Trees. They’re tall and woody, with bark and leaves. But have you ever wondered why only the leaves are green?
Bark is different. Found only on woody plants, it is coloured and cleft, pitted and plated.
So what is tree bark? “Bark is really a non-technical term used when discussing plant anatomy,” says Dr Rebecca Miller, a plant physiologist working at the University of Melbourne’s School of Ecosystem and Forest Sciences.
“The term actually refers to several different tissue layers, including the cork, cork cambium and phelloderm. Together, these make up what we technically call the periderm.”
The periderm provides trees with a degree of insulation and protects them from pests and pathogens, mechanical damage and desiccation. It also protects a layer of secondary phloem, which transports sugars and other soluble molecules around plants.
Leaves serve a different purpose. A vital part of any plant’s photosynthetic system, they convert light energy into chemical energy, which is used for growth.
How does this happen? It all comes down to one colour: green.
“Leaves contain chlorophyll, which is the main pigment responsible for harvesting light energy during photosynthesis,” says Dr Miller. “They appear green because they reflect green wavelengths of light and particularly absorb red and blue wavelengths of light, which are most important for photosynthesis.”
So why is tree bark brown, grey or some other colour, but rarely green?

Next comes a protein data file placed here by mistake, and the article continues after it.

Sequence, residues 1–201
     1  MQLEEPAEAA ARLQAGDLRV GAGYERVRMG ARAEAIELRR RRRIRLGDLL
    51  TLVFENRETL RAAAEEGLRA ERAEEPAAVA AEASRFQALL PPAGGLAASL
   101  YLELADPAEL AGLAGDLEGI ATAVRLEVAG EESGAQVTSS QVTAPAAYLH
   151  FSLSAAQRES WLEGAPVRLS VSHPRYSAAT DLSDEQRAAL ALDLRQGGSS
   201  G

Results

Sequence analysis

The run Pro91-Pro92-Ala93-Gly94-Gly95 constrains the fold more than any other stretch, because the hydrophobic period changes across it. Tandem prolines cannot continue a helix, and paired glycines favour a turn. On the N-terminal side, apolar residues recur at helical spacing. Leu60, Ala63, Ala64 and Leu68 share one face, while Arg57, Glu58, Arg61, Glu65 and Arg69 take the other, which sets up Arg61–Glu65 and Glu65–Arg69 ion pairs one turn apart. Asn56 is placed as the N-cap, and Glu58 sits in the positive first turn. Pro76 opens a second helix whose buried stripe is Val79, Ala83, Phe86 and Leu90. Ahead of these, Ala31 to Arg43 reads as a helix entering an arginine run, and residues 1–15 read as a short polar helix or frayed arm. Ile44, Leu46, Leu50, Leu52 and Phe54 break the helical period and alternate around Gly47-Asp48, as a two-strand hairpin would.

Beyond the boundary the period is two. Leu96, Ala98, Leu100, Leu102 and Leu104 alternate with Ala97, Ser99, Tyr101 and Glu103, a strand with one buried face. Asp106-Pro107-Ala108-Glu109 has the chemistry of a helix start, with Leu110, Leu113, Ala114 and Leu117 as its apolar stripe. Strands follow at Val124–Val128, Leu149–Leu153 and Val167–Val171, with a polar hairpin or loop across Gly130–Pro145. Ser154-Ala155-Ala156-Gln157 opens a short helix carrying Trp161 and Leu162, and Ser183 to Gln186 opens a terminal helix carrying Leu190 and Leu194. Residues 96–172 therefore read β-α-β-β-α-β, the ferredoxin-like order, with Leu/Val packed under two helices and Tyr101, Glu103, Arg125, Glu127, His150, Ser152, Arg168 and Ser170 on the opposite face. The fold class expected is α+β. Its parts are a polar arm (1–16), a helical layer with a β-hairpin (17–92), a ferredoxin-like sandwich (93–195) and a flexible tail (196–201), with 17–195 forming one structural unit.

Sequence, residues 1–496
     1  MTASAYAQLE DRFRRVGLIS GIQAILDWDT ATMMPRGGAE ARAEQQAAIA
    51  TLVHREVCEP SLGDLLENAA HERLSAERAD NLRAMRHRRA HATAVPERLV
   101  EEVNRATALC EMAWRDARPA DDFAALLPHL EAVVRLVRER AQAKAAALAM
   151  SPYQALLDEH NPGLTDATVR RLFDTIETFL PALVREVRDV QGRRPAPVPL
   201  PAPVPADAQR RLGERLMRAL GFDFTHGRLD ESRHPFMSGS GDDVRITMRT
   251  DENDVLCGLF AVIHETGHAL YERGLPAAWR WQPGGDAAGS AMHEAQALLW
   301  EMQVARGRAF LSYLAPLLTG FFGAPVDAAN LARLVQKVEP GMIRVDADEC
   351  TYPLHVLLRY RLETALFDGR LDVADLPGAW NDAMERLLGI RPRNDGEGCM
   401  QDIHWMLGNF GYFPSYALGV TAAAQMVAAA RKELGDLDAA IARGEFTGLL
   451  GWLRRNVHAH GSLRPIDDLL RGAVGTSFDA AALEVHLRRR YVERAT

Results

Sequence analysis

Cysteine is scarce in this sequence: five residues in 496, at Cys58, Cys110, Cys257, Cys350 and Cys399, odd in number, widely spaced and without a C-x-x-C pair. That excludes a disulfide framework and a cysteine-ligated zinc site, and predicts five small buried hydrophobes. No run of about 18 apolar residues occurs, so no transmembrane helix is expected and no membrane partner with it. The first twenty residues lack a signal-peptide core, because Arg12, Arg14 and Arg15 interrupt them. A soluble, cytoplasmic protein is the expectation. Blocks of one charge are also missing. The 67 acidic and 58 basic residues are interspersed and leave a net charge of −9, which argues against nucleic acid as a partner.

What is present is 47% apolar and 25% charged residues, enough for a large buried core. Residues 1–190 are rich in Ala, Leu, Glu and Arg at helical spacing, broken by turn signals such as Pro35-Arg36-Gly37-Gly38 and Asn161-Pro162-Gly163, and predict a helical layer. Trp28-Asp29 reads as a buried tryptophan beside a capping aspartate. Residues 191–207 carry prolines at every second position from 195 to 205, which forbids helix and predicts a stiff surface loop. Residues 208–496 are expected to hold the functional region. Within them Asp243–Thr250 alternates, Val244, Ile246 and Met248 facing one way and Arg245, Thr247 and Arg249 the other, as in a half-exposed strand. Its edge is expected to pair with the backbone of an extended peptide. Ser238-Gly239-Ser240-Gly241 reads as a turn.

The answer, according to Dr Miller, depends on the chemical compounds found in the cell walls of the tissue layers that make up bark.
“Bark contains many different compounds, including lignins, tannins and suberins,” she says. “These reflect and absorb different wavelengths of light, which explains the variations in colour we see.”
The concentration of tannins, in particular, gives bark a reddish brown colour, similar to what you see in a cup of black tea.
Another factor is the thickness of a tree’s bark. Some species, such as ironbark, have dark, deep-ridged bark. Others, such as ghost gums, have thin, smooth, light-coloured bark.
But what about new growth? Dr Miller says the young green stems of non-woody plants can be photosynthetic.
In trees and woody plants, young branches are not covered by thick bark, but they do appear green. Can they photosynthesise, just like leaves?
Dr Miller says: “The young branches of many species are likely to be photosynthetic, but stem or branch photosynthesis is less frequently measured by researchers. Still, some studies have shown that in young plants, stem photosynthesis can contribute significantly to the total carbon income of a plant.”
In general, the capacity of most woody plant species to photosynthesise through stems or branches is limited to the very early stages of growth.
According to Dr Miller, as the branches thicken through secondary growth, they become woody and develop the protective tissues of the periderm, which are not usually photosynthetic.
Banner Image: Forest trees. Picture Vovan via Shutterstock